When the world turns into a Mad Max movie, my role will be: Soylent green.

Lovern Kindzierski, colorist, editor

2009 Projects: I am finishing the colour of the last issue of Dream Hunters which may be one of the most elegant jobs that Craig Russell and I have done.

What was the biggest story in comics in 2008? The spectacular jump in sales of the Watchmen at Amazon when the first movie trailer was released. Usually the movies had not had this big an effect on comic sales of the same title.

What will be the biggest story in comics in 2009? The down turn in the economy nudges people back into reading comics and sales head up. He said hopefully.

What guilty pleasure (of any kind) are you looking forward to in 2009? Watching the new season of Dexter.

glennhauman The Beats Annual Yearend Survey, 2009 Edition: Part IIIGlenn Hauman, VP/utility infielder, ComicMix.

2009 Projects: Keeping on at ComicMix; everything else is under NDAs.

What was the biggest story in comics in 2008? Movies, internet, and how little they actually seemed to connect to comics as most people think of them. Can we all finally agree that having the biggest movies of the year based on comics does not move comics sales one bit?

What will be the biggest story in comics in 2009? Paper getting more and more expensive, and showing up in fewer and fewer stores.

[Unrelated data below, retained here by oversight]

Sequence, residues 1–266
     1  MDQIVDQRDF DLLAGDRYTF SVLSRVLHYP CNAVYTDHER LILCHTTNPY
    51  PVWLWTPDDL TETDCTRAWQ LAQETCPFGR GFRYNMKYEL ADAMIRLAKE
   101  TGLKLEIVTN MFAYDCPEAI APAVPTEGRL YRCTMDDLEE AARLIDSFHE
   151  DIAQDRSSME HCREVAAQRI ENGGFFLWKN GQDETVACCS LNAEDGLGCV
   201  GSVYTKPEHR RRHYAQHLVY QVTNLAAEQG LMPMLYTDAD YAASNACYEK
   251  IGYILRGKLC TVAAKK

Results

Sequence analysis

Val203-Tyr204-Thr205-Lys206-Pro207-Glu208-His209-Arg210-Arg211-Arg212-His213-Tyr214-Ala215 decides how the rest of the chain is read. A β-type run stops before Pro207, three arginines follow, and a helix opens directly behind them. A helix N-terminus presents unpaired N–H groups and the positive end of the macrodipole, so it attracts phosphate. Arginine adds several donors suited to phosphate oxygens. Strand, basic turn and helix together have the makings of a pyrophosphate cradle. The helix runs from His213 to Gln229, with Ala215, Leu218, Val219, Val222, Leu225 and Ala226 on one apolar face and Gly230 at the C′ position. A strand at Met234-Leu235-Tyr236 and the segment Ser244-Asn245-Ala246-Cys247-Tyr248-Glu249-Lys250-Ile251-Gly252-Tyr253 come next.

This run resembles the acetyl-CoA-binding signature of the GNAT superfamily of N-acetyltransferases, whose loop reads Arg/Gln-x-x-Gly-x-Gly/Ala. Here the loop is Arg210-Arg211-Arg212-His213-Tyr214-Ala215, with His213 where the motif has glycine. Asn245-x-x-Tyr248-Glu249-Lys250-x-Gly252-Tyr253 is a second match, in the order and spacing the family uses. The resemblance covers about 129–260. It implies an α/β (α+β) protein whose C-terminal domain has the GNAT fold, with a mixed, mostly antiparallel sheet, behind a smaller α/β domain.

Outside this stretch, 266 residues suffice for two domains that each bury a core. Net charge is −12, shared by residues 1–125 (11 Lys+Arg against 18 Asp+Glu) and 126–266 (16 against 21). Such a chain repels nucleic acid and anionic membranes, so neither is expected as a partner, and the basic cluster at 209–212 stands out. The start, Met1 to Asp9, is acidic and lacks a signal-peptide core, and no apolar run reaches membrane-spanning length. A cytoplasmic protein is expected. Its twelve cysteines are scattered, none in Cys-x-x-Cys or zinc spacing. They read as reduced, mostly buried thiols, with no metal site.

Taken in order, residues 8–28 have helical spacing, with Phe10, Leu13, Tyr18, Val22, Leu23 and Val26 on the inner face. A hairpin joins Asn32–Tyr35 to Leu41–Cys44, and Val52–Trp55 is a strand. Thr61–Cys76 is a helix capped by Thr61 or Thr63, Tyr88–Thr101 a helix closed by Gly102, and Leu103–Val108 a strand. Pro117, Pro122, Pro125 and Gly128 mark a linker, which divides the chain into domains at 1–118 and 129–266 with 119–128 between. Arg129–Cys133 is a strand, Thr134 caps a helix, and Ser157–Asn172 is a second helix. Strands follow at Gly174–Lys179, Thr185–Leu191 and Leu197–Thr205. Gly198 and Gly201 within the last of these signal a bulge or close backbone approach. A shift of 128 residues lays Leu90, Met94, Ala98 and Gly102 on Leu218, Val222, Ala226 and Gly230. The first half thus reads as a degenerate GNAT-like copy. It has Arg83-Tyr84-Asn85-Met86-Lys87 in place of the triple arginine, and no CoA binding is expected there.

When the world turns into a Mad Max movie, my role will be: Long-haired giant screaming incoherently. It’s a real stretch of character for me.

sanderson 1 The Beats Annual Yearend Survey, 2009 Edition: Part IIIPeter Sanderson, writer, historian
2009 projects: Co-author of DK Publishing’s “Marvel Chronicle,” now on sale. Columnist for “Publishers Weekly’s Comics Week.” I will be returning to writing my online column “Comics in Context” for Quick Stop Entertainment in 2009. I also have two major projects in the works, which I will announce when my agent can find publishers for them.

What was the biggest story in comics in 2008? Attempting to take a long-range historical perspective here, I’d say it is the tremendous success of “The Dark Knight,” a movie based on comics material. Reportedly it is the second highest-grossing movie of all time, after “Titanic” (although, I suppose that, adjusting for inflation, “Gone with the Wind” is still the all-time champ). This, I think, is a landmark event in the continuing story of how comics are moving to the center of American popular culture in the 21st century, Considering the size of “Dark Knight’s” audience, how can one argue that comics are not part of the cultural “mainstream”? Moreover, as we can see from various year-end “ten best” lists, “Dark Knight” was also widely recognized by critics for using the superhero genre to address serious themes, and even to serving as a metaphor for America in the Bush years. Runner-up is the “Iron Man” movie, which likewise proved both a commercial blockbuster and a critical success. Another sign of the “mainstreaming” of comics was the Metropolitan Museum of Art’s show on superheroes and fashion which seemed to be driven principally by the characters’ filmic incarnations. In early 2009 we should keep an eye on the critical and commercial reception of “Watchmen” (if and when it comes out) and whether Heath Ledger wins a posthumous Oscar for portraying a comics character (at a ceremony hosted by an actor best known for playing Wolverine!).